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Rendering of Aquarius Satellite
Aquarius, NASA’s ocean-watching  satellite launched into space Friday morning on a mission to fill critical gaps in understanding how the Earth’s oceans affect the planet’s climate. The Aquarius device achieved orbit aboard an Argentine-built satellite, called SAC-D atop a  Delta II rocket, built by Boeing.  The SAC-D spacecraft carrying Aquarius was built by Argentina’s space agency, CONAE. Brazil, Canada, France, and Italy also contributed to the $400 million mission.

Two previous Earth-watching NASA craft crashed after launching from the same site, Vandenberg Air Force Base in California. In March, NASA’s Glory climate satellite splashed into the South Pacific when its nose cone covering failed to detach. In 2009, the agency’s Orbiting Carbon Observatory suffered the same fate, for the same reason. Both launch failures occurred aboard Taurus rockets, made by Orbital Sciences Corp. of Dulles.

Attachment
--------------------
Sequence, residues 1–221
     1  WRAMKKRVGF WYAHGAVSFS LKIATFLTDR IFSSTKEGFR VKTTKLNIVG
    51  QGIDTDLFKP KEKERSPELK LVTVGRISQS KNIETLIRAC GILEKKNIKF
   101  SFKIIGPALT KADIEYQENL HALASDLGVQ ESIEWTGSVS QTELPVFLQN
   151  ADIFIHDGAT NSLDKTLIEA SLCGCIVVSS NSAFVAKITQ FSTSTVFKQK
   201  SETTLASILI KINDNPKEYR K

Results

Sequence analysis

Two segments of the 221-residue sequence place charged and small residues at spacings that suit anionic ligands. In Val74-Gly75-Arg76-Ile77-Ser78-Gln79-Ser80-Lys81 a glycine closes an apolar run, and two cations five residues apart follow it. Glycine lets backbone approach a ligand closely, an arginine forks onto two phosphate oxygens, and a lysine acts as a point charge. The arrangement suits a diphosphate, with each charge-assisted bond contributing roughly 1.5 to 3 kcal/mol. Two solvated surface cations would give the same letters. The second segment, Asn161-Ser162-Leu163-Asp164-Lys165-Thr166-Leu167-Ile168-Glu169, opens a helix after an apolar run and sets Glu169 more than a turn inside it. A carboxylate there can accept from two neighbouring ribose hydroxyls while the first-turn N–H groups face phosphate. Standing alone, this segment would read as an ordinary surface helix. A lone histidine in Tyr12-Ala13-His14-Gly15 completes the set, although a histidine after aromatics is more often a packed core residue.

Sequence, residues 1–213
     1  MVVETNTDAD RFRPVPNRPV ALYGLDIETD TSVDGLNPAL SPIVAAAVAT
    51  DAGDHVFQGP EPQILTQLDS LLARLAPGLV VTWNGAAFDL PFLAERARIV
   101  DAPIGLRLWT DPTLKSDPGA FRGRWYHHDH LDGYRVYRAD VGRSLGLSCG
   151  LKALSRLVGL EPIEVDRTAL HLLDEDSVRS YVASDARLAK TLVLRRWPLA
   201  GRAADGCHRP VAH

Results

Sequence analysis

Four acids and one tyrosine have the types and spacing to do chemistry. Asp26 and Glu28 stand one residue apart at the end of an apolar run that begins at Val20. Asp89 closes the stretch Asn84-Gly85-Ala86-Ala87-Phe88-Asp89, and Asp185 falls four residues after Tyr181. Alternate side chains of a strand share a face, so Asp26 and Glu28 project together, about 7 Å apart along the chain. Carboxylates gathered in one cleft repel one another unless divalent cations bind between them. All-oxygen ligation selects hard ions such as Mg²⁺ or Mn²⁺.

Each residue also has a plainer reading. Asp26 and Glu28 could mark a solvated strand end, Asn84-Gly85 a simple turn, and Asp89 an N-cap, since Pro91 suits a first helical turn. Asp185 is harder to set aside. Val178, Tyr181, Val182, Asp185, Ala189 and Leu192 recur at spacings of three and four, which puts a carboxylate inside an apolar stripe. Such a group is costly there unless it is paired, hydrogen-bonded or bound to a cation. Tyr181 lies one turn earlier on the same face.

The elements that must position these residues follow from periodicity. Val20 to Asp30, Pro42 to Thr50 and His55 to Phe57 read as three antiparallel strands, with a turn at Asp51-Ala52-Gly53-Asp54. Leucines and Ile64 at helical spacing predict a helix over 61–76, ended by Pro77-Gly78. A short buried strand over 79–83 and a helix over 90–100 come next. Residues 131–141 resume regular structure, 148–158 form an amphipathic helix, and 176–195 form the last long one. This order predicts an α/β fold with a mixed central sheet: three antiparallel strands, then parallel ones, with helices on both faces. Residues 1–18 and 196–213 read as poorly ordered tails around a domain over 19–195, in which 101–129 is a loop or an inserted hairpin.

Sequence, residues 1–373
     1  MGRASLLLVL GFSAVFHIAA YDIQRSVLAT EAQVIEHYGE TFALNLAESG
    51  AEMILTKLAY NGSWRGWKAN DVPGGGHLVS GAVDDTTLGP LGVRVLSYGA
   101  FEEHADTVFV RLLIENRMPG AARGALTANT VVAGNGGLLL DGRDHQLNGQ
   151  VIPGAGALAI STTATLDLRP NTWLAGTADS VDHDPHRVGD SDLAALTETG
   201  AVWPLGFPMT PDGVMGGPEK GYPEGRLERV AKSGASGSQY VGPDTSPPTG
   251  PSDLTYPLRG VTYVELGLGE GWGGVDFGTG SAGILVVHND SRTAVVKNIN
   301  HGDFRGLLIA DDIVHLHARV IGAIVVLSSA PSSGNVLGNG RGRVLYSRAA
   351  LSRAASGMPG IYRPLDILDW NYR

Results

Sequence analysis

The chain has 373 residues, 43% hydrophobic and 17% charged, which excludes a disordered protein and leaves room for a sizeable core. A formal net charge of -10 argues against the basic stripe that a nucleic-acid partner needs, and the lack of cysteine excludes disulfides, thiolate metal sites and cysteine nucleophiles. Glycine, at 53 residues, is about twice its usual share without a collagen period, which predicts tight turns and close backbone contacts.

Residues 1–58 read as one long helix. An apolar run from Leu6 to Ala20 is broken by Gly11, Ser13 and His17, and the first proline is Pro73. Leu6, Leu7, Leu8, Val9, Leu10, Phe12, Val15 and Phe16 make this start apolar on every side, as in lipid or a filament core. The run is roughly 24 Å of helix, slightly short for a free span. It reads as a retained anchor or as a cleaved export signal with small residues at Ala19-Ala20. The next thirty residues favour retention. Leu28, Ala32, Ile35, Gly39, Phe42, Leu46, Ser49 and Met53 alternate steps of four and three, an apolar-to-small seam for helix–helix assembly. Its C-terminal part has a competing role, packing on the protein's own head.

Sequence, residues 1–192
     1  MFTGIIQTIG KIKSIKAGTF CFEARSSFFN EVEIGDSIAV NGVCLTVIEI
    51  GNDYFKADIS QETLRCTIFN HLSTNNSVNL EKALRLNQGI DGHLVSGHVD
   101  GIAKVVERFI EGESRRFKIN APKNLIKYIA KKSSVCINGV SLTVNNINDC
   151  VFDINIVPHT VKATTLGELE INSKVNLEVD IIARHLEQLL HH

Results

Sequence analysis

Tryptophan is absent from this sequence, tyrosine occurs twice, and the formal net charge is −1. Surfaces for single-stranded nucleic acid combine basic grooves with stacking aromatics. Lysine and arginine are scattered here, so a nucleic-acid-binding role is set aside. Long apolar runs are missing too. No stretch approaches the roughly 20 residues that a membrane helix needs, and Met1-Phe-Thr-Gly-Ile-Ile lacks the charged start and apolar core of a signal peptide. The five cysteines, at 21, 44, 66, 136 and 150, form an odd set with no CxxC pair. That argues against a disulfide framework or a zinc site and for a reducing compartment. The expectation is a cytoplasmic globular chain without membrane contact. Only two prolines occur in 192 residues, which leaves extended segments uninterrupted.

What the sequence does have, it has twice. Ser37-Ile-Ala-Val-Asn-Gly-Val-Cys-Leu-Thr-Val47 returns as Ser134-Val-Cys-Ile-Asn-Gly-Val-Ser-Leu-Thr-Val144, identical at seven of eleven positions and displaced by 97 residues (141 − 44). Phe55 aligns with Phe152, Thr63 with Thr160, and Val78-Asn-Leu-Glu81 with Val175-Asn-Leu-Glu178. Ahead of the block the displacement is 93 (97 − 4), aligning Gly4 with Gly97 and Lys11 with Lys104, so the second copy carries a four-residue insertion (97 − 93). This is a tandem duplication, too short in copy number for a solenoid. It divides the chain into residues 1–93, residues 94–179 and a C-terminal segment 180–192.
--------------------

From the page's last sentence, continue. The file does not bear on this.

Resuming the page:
Circling pole-to-pole about 400 miles above the Earth, the device’s three sensors are very sensitive. Aquarius senses salinity by bouncing microwaves off the ocean’s surface. Mapping ocean salinity will provide vital clues to ocean circulation patterns while simultaneously mapping rainfall and evaporation. As rain falls over the ocean, salinity decreases; evaporation increases it.

Buoys and other Earth-bound sensors have already painted a picture of rapidly changing ocean salinity patterns. These altered rainfall and evaporation patterns are “changing the structure of the ocean, which can have impacts on fisheries and ultimately, climate.

In addition to Aquarius, the satellite carries seven other cameras and sensors to monitor forest fires, search for space debris, and make measurements of sea ice. (Wash Post, 6/11/2011)